Persistence and an A-game attitude

Alumnus wins seven Emmys
By Katie Hudson ('10)

In just over a decade Brian Hamrick ('83) has earned seven Emmys as a TV reporter.

In just over a decade Brian Hamrick ('83) has earned seven Emmys as a TV reporter. He believes in bringing his "A" game to work daily.

Persistence has paid off for Brian Hamrick ('83), and he has seven Emmys to prove it.

Breaking away from his family's West Virginia coal mining roots, Hamrick did stand-up comedy in Orlando, Fla., after graduation. Three years later, he decided to pursue another career field related to his communications degree.

Taking an interest in news reporting from a friend, Hamrick went to every television station in Orlando in hopes of starting a new profession. Instead, he only found defeat. "I was offering to work for free. I had a degree, and I still couldn't get a job. That's just sad," Hamrick says.

Persistence helped Hamrick land a job at WDTV in Clarksburg, W.Va., in 1987. Only three months later, he started to get paid part time. A few months later, his job became a full-time position. By the time Hamrick left the station two years later, he had experience both behind the camera and as an on-air reporter.

"My dad asked why I didn't decide to go into the coal industry, especially since I would have been making more money," Hamrick remembers. "I told him that this is the most important thing I can do right now. It was something with purpose and value."

By summer 1988, Hamrick was working for the Oklahoma State University services department. By creating stories for the university, he helped pay for his master's in journalism.

The decision to move to Cincinnati, Ohio, and work at WLWT-TV in 1998 got Hamrick recognized by the Society of Professional Journalists, Cleveland Press Club and the Associated Press. His 10 years as a field reporter for the station also won him seven Emmys, two for best news reporting.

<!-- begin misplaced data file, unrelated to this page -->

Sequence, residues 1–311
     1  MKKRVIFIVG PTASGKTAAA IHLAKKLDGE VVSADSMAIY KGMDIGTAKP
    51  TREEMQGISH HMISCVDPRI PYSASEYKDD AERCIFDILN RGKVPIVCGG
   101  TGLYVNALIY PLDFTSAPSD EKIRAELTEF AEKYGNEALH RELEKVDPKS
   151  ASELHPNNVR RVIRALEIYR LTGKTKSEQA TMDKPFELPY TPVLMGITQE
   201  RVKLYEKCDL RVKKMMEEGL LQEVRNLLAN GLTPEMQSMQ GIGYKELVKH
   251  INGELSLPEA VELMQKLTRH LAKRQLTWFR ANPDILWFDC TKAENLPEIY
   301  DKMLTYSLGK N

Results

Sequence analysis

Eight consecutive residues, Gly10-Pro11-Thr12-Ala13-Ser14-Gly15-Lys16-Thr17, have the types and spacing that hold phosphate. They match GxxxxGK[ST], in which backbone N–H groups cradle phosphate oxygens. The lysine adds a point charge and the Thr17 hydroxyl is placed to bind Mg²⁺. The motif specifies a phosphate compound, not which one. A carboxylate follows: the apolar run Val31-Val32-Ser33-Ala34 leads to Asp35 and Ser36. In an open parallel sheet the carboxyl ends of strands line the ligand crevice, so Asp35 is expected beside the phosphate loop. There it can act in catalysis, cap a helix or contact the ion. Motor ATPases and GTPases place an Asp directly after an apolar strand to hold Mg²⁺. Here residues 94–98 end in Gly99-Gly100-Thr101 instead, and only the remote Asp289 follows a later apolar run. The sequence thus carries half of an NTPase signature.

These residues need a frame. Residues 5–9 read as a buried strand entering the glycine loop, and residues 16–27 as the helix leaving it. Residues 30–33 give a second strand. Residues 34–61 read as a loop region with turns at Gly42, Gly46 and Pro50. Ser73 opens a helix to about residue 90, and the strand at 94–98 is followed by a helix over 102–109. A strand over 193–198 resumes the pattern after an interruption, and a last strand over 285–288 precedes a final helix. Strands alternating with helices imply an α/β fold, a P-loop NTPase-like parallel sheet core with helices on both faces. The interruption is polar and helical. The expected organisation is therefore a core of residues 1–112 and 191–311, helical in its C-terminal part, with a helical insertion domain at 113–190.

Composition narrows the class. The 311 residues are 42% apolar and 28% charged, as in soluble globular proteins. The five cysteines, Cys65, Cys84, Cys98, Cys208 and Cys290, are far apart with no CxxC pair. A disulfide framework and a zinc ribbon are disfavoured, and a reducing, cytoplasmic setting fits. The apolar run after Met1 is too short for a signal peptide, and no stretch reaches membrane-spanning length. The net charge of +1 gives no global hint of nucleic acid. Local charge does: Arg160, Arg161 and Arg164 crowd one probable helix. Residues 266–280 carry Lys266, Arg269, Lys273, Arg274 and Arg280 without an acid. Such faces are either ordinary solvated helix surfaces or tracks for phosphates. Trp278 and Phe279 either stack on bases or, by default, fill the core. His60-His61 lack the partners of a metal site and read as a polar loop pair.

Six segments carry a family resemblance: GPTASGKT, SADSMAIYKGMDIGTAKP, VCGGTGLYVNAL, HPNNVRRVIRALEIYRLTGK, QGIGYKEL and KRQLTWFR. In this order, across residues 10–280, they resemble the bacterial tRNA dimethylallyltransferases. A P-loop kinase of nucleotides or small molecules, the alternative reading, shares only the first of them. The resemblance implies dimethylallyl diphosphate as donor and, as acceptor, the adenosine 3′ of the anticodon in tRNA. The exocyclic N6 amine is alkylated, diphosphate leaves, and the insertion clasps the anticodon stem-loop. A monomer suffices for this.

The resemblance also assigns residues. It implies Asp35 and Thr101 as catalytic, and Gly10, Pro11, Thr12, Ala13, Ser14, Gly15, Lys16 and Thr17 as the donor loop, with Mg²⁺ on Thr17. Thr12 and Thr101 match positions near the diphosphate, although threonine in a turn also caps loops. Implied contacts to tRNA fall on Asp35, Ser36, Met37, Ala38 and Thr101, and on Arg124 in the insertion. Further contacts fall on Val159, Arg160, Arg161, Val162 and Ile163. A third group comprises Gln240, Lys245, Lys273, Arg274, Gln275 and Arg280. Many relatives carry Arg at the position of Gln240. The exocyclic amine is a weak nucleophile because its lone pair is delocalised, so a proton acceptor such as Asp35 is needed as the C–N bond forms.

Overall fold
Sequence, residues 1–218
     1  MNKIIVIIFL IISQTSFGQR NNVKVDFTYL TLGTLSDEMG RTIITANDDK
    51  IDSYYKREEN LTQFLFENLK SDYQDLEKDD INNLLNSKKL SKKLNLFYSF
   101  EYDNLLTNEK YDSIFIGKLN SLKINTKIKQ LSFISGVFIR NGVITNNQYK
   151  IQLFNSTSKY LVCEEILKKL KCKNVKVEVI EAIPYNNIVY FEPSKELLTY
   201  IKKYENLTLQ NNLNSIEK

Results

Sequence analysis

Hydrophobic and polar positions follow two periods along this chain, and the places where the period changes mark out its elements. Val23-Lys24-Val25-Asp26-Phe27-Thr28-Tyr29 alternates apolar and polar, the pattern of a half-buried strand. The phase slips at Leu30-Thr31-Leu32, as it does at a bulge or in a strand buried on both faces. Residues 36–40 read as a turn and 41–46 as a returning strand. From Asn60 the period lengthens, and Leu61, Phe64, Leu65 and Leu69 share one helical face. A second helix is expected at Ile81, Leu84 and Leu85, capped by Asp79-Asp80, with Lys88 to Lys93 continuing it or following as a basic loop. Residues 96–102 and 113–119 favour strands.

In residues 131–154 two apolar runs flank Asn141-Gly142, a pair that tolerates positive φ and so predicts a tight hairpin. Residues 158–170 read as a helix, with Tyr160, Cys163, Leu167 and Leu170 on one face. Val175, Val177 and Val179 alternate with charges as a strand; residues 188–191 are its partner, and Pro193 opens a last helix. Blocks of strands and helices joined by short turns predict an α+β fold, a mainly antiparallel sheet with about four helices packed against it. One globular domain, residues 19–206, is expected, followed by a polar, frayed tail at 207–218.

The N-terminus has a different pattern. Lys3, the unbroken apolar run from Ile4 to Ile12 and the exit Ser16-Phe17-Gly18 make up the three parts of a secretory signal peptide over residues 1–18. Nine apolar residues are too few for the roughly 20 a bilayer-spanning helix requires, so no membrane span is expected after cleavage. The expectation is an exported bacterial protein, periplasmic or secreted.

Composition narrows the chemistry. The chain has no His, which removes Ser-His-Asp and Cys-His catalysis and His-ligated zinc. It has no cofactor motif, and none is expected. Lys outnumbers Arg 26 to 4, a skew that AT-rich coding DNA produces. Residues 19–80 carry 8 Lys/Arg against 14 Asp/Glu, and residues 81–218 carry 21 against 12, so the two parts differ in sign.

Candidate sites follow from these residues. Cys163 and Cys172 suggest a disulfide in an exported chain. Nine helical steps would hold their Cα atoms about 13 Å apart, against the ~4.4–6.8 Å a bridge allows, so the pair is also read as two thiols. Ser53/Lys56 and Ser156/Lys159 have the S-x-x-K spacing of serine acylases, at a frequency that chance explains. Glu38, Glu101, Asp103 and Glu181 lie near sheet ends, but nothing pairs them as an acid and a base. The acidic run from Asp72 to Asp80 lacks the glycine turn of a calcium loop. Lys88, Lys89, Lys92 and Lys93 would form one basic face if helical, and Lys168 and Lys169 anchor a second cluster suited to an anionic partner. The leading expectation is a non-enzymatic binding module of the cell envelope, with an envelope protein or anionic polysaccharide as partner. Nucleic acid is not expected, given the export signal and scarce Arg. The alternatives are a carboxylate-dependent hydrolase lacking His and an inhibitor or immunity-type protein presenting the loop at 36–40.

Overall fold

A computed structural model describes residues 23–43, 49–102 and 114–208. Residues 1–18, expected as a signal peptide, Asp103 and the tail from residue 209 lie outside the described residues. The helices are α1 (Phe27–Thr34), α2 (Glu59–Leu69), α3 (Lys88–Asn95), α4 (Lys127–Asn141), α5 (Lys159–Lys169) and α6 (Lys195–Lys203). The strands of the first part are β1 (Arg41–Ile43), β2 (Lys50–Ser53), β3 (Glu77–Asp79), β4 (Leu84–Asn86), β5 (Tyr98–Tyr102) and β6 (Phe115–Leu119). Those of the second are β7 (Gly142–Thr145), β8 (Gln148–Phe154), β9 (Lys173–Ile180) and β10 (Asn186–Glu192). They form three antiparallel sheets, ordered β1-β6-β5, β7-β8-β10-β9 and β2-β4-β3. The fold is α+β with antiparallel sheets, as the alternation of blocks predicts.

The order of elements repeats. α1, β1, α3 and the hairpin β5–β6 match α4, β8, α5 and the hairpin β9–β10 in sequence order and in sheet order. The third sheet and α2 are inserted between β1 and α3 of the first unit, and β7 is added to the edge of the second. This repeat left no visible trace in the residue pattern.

Hamrick says some of his awards were unexpected. "You never know how the whole process is going to go," he explains. "You think you are sending in the best reports, but they don't win. And then you send in the OK ones, and they win." Hamrick is referring to his thoroughly researched report of a Congressional Medal of Honor winner, who sacrificed his life to save a fellow soldier from a grenade in Vietnam. That report did not win, but Hamrick won an Emmy for a more lighthearted report of a truck stop that serves as a church. It was shot in one night.

"Just by winning, you realize that your peers are appreciating your hard work," Hamrick says.

A typical day at work for Hamrick can be summed up in one word — long. There is a daily morning meeting during which Hamrick must pitch four to six stories. From there, he hits the road in hopes of getting the best story. He usually works on two stories a day. Hamrick and his co-workers compare their day to a basketball game. "It's like when there is one second left in the game and a player shoots the ball. You're just watching the ball roll around the rim waiting to see if it's going to go in. That's how we feel every day before airtime."

In his 11th year at WLWT, Hamrick plans to continue his award-winning field reporting. "You have to bring your A-game every day. You have to think of every day as a tryout."